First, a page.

In the world of chillwave, you’ll be hard-pressed to find someone as consistently hard-working as Chazwick Bundick aka Toro Y Moi. Having already released two full-lengths in the past two years he has now returned once again with a brand new EP, Freaking Out. Even when compared to his chillwave contemporaries it seems like Bundick has his 80s influences closer to him. This latest EP is no exception.
While artists like Neon Indian and Memory Tapes sound like modern artists with an 80s tinge, Toro Y Moi sounds like a project straight out of the aforementioned decade. For proof, simply refer to album opener “All Alone.” The synths take center stage throughout the whole EP. The repeating samples and dancey nature of the track clearly recall the trends of the 80s. Bundick’s vocals are also a huge factor in his nostalgic sound. The smoothness mixed with his urgency creates the sound he so evidently strives for.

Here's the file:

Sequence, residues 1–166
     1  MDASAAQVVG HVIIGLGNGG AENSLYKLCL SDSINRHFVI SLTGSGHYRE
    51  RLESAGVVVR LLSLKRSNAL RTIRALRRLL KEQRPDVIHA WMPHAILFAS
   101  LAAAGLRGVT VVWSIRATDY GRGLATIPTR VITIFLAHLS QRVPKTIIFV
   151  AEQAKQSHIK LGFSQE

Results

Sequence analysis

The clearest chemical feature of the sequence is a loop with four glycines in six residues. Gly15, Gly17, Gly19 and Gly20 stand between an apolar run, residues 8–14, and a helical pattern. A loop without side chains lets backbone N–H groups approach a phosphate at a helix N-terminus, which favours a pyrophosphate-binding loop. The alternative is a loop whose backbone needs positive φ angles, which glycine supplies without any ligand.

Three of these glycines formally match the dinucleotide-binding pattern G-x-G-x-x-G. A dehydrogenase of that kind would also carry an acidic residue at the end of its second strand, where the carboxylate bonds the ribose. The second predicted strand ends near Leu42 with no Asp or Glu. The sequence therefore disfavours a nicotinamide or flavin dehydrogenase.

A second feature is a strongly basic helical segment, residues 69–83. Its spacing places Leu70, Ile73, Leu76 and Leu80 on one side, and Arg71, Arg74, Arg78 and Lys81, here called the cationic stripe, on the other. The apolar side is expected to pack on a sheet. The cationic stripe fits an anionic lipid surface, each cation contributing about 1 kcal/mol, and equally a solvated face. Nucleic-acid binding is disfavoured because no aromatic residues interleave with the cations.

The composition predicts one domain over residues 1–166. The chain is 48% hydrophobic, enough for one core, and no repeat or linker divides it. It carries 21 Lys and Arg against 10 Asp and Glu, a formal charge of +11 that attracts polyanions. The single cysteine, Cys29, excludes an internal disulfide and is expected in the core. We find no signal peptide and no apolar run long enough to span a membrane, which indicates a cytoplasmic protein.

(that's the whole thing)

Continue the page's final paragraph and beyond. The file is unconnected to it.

Next up is “Freaking Out,” which oozes with an 80s vibe. It’s this track which shows you just how much music is actually just looped samples. Very little of the music heard in “Freaking Out” is actually being played, most of it is just repeated in different patterns. This is by no means a bad thing, as it is a staple of chillwave music. Bundick’s chopped up vocals work perfectly with the 80s synthpop loop, making for one of the best songs of 2011.
Bundick’s obsession with the 80s gets even clearer in “Saturday Love.” This particular song is a cover of Alexander O’Neal and Cherrelle’s 1985 hit. Bundick stays true to the song while still adding his own touch, in particular his lively voice. The EP closes with “I Can Get Love” which is very similar to “Freaking Out” in the way that it’s crafted. This track features several looped synth lines as well as Bundick’s chopped up vocals.
If anything, this EP is a testament of how frail of a genre chillwave is. When given in small doses it’s just fine, but full-lengths can get repetitive. Seeing as Freaking Out is an EP, getting immersed in this release shouldn’t be too hard. However one has to think, if there were five more songs like this on the EP, would it be as enjoyable? That’s really up to Bundick to cope with and for us to decide. In the meantime though, this EP should keep listeners entertained for a while.